CA Prospect Profiles: Adam Polasek

Adam Polasek scored 20 goals in 2 seasons with PEI. And he scored an entry-level contract in April.
But is he NHL material?
(Photo courtesy PEI Rocket/QMJHL)

Adam Polasek is a big, physical defenseman who put up some impressive-looking numbers in the QMJHL.

In fact, he did enough to impress the Canucks brass to earn himself a three-year, entry-level contract, signed this past April.

But is Adam Polasek big enough and physical enough to be an NHL defenseman?

Adam Polasek made a quick leap up from play U18 in his native Czech Republic to playing in the Q. Polasek had two impressive seasons with the U18 and U20 teams for HC Vitkovice, scoring 20 points in 39 games in the 08-09 season. Looking onward to playing in North America, he was taken 19th overall in the CHL import draft by the PEI Rocket of the QMJHL. Once he arrived in Canada, the great numbers continued.

At first glance, Adam Polasek had some great stats in his two seasons in Canadian major junior hockey.

Regular Season Playoffs
Season Team Lge GP G A Pts PIM +/- GP G A Pts PIM
2009-10 Prince Edward Island Rocket QMJHL 66 13 28 41 91 -3 5 0 0 0 2
2010-11 Prince Edward Island Rocket QMJHL 61 7 32 39 59 0 5 0 0 0 8

In 127 games, Polasek netted 20 goals, added 60 assists for 80 points. Not bad, right? But then you have to remember that he played for the PEI Rocket, who are a below-average team without much in the way of offensive talent.

Here’s what Hockey’s Future had to say about Polasek after the 09-10 season with PEI.

Listed at 6’2, 187 pounds, Polasek looks bigger both on and off the ice. The Czech has a hard-hitting, and effective, approach to defense. But his skill should not be overlooked. He skates well, has a hard and accurate slapshot, and makes good reads.  Polasek was steady and dependable in his own end and he could quickly read the play and make moves to intercept. Strong on his skates, the 18-year-old has plenty of room to grow.

It seemed like everything was pointing in the right direction for Polasek. The problem is that his numbers were inflated on a bad team and he played out of position on the first unit power play.

How would his numbers project out into the AHL or even the NHL?

Adam Polasek NHL equivalency                  
Year QMJHL G QMJHL A QMJHL Pts eq. AHL G eq. AHL A eq. AHL Pts eq. NHL G eq. NHL A eq. NHL Pts
2010 16.15 34.72 50.84 6.62 14.24 20.84 4.52 9.72 14.24
2011 9.41 39.68 48.36 3.86 16.27 19.83 2.63 11.11 13.54
Total 25.56 74.4 99.2 10.48 30.51 40.67 7.15 20.83 27.78

So the bottom line is that his numbers would project out to an average of 5G 15A for 20 Pts in an AHL season, or 3G 10A for 13 Pts in an NHL season (projected over an 82 game season). Those numbers wouldn’t exactly set the world on fire. But they’re okay. That would project out to be the same as Keith Ballard’s numbers last season. And Keith Ballard had the worst season he’s ever had. Or more appropriately, the numbers would be in line with what Aaron Rome put up in 2010-11. And Rome, a career 7th defenseman, only saw as much ice-time as he did because the Canucks defense was a MASH unit all season long.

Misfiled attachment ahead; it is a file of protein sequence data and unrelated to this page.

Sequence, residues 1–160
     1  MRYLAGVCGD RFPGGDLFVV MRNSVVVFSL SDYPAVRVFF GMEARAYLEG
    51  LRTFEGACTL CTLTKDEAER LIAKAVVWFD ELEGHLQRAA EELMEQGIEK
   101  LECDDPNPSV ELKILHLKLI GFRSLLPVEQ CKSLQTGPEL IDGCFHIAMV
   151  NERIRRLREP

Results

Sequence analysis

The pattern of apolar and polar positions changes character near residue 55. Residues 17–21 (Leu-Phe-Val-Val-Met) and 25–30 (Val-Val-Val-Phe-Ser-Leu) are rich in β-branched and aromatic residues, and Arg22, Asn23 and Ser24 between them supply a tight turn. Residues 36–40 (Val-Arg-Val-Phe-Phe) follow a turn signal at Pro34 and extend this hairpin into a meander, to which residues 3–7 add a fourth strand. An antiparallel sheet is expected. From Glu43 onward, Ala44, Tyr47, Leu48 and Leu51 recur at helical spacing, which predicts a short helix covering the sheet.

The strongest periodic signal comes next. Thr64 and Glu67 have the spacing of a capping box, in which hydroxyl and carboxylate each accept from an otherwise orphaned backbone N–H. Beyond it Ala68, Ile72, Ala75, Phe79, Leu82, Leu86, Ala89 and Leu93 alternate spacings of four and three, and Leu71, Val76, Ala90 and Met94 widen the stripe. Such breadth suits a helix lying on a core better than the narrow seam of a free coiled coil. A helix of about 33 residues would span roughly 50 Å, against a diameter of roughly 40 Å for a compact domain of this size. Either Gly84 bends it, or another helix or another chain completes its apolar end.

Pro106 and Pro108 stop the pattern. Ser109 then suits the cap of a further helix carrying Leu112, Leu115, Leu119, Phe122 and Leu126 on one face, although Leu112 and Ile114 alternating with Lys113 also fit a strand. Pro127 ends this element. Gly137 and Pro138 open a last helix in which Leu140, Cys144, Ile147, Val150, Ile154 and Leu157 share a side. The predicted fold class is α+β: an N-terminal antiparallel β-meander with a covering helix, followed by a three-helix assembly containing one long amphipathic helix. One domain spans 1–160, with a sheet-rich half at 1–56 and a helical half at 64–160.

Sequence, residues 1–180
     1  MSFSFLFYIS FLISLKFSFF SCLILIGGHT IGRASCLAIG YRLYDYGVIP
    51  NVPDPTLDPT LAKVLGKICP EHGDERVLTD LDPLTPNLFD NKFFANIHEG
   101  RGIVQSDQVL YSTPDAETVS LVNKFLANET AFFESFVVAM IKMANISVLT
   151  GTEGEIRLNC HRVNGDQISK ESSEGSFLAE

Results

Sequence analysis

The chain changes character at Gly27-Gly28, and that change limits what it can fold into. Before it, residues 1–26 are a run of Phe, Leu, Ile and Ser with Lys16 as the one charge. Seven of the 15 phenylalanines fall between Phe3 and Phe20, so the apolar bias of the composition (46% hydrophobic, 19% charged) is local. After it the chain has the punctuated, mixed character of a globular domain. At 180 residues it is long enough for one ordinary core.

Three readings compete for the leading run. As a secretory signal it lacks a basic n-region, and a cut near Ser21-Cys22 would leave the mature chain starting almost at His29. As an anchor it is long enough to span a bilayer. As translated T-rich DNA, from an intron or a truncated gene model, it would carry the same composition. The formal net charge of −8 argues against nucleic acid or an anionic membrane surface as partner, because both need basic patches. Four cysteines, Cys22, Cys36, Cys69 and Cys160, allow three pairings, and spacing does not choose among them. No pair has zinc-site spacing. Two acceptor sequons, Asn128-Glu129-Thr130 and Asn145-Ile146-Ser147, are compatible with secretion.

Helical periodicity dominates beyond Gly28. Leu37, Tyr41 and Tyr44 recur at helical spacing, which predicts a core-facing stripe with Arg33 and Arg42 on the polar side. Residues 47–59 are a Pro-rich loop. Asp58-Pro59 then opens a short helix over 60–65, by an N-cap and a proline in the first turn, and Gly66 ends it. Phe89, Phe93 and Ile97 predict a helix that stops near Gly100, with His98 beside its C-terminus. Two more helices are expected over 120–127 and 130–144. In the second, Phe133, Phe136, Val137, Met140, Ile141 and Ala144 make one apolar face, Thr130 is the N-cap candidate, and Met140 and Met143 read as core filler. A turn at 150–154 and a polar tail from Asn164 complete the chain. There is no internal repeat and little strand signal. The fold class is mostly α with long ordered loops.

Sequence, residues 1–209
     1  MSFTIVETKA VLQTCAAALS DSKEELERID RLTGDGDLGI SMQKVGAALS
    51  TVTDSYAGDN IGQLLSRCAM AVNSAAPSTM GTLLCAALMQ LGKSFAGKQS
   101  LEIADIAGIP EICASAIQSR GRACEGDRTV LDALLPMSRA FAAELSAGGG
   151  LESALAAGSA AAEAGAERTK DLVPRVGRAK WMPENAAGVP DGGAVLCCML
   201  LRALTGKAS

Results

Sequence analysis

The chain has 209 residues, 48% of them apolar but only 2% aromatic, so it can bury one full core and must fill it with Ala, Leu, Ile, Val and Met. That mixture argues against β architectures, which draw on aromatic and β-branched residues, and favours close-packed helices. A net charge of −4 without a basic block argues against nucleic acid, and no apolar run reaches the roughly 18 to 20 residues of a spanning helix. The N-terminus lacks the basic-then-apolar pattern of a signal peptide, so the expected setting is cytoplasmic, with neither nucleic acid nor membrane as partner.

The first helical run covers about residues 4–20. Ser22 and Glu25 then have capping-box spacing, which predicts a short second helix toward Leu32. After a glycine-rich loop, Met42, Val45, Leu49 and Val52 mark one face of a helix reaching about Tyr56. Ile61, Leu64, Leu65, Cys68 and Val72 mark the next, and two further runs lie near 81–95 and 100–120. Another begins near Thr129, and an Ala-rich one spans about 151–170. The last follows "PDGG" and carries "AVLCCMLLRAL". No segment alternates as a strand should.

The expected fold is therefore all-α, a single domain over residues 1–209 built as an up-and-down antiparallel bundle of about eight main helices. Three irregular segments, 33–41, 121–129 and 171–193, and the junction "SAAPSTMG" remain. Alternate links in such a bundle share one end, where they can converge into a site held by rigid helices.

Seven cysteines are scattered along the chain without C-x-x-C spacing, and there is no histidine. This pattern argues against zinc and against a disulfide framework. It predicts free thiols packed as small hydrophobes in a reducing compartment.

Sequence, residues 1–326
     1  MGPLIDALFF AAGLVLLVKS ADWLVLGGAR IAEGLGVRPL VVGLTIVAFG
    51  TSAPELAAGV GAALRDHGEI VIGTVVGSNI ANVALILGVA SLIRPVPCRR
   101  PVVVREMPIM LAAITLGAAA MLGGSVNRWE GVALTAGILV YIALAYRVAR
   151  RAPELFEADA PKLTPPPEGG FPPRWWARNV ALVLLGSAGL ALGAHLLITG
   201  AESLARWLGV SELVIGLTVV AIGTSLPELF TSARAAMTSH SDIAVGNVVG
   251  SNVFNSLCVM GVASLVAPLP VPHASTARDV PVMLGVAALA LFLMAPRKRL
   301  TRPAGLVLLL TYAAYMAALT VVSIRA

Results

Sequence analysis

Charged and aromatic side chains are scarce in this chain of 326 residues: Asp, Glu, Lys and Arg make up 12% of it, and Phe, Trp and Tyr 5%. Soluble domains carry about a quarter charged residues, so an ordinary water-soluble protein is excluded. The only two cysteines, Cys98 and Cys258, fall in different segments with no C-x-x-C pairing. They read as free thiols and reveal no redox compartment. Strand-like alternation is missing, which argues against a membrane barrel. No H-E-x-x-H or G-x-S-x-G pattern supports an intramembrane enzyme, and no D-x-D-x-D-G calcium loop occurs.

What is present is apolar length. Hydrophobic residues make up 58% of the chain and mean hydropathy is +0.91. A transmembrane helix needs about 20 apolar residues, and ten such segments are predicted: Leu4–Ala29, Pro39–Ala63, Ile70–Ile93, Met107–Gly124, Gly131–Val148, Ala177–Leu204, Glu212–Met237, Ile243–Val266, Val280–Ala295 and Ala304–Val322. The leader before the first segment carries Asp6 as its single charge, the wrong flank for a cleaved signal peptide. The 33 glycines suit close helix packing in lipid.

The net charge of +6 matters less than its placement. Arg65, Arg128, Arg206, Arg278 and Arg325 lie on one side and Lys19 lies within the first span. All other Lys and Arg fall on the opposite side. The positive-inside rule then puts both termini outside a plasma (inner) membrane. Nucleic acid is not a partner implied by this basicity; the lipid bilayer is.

Rick Springhetti from McKeen’s Hockey had some very interesting insight on Polasek.

A) He has produced some decent numbers in PEI but he is not really an offensive defenseman. I feel his point totals is mostly based on the fact that he played a lot of minutes on a very average PEI team as they didn’t really have anyone else who can play that role. On many teams, he would not have seen first unit power-play time. B) His physical play is rather good. He started his QMJHL career having lost some of it but he has much improved that aspect of his game as he gained more experience. He doesn’t take himself out of position to do so and he doesn’t draw too many penalties.  C) Not sure how good his english is but he doesn’t seem very vocal on the ice or bench with his teammates or the coaching staff. D) I don’t see him as an NHL defenseman. He does a few things well but I don’t see what he does well enough to get him a role in the big leagues. If he doesn make it, he is a few years away still.

This coincides with Hockey’s Future’s prospect grade assessment of Polasek as a borderline NHL defenseman, and possibly a career minor leaguer. And before we jump to conclusions about the entry level contract he just signed in April, let’s remember that Polasek turned 20 in July and therefore couldn’t have continued playing in major junior. His next stop had to be a pro contract, or the Canucks risked losing a half-decent defensive prospect to return home to play in Europe.

Polasek is another in a long list of defensive prospects for the Canucks. He’ll have to hurdle quite a few players, like Connauton, Tanev, Sauve, McNally, Parent and Sulzer. Next season could be a very important one for Polasek. With a new contract and a chance to play pro hockey in North America, he has the potential to impress.

Will his game transition well from junior to pro? Will he take advantage of his size? While it looks like he’s projecting to be an AHL’er, he has some potential. Next season will prove just how much potential he has.